SoCon Coaches Speak: Defensive Line Voted Most Explosive Force on the Field
The SoCon media day produced a lot of great sound bites and opportunities for video and pictures with the players and coaches but as a coach I wanted to pick other coaches' brains about things that keep them up at night. The SoCon seems to be trending more and more towards elite-level offensive football. Teams like Western Carolina, Samford, Furman, and Mercer were all among the most productive offenses in the FCS in 2022 and hey are all predicted to be among the best in the championship subdivision once again.
From Left to Right: Mercer University head coach Drew Cronic, WCU head coach Kerwin Bell, The Citadel head coach Maurice Drayton at SoCon Media Day | PC: Gene Clemons
With so much attention on the offenses in the conference, I was curious what the coaches in the conference believe is the most disruptive group on the defense. All nine coaches unanimously agreed that it was the defensive line that caused offenses the most consternation. It is the single most disruptive unit in football.
"When you have havoc players on the defensive line, you don't have to blitz," Wofford head coach Shawn Watson said while explaining why the defensive line caused so many issues. "You can stunt those guys, you can game those guys. It makes everybody in the second and third level better."
Chattanooga head coach Rusty Wright believes it is the defensive line as well. He credits that to their ability to dominate the offense in both areas.
"Well if they're good it's gonna be the defensive line right, cause they've gotta handle them in the run game and the pass game," Wright said with no hesitation. "That's my thing, if you are good up front on the defensive line, it's hard on an offense."
Furman University's head man Clay Hendrix agrees with Wright that the disruption caused by the defensive line against the run and in the pass game almost eliminates the need for a really good linebacking corps or defensive backfield. First-year VMI boss and resident defensive-minded coach Danny Rocco agrees that the first level can render the other two levels irrelevant.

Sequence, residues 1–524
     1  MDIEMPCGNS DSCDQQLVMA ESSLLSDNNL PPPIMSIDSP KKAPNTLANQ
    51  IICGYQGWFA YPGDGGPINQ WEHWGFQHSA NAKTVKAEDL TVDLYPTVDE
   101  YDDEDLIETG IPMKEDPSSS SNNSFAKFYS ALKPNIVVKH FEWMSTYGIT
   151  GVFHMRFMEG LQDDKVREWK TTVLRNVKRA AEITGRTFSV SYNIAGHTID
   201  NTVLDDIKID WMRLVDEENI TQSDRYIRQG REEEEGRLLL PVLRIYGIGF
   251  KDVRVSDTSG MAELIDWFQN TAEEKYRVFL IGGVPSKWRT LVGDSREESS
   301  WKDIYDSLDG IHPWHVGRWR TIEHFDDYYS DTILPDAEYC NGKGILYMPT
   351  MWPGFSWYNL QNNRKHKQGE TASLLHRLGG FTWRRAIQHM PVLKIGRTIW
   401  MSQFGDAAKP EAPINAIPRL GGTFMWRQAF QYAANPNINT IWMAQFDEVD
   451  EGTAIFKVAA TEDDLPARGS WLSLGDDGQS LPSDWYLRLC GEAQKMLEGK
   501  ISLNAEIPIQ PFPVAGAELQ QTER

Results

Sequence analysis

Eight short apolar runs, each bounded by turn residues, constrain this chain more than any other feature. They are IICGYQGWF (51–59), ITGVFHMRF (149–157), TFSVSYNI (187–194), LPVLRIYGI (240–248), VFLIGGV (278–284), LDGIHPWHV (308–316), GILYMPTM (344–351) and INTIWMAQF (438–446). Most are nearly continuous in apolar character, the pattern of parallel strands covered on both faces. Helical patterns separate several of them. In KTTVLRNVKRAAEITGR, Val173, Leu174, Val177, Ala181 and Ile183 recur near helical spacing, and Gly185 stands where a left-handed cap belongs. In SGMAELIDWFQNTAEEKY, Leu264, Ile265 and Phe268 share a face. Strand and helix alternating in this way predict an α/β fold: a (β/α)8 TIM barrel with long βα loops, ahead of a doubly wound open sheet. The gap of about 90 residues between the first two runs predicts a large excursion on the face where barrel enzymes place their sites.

Samford University head coach Chris Hatcher with quarterback Mike Hiers and defensive lineman Joseph Mera talking at the 2023 SoCon Media Day | PC: Gene Clemons
"If you wreck the play on the first level the second and third level don't even have a chance to get involved," Rocco said enthusiastically while discussing the defensive line's ability to affect a play. They have the best opportunity on any given play to disrupt the play."
Western Carolina head coach Kerwin Bell agrees that the defensive line causes a lot of disruption for an offense but as a former quarterback he believes that they are at their most disruptive when they can create pressure up the middle and disturb the comfort of a quarterback.
"Edge rushers are great, you want to have great edge rushers but when you got dominant D tackles who can penetrate the pocket, that as a quarterback is very uncomfortable when they push the pocket right in your face."
Drew Cronic, the head coach at Mercer University, had an offense that joined Western Carolina as two of the top seven units in yards per game last season. It is fair to say that both of those squads know how to move the ball against a defense and yet without hesitation, the Bears head guy discussed the type of defensive front that can be a constant pain for an offense.
To me when you can line up in a four man front defensively and you've got two great pass rushers on the edge and you don't have to blitz to put pressure on the quarterback and you can really play coverage and not take chances, that to me…." He paused mid-sentence briefly to gather his thought as he gave insight into the type of defense he wants for his team. "If I could say one thing I want our team to be is to be like that. You gotta put pressure on the quarterback and the ability to do that without blitzing makes a defense special!"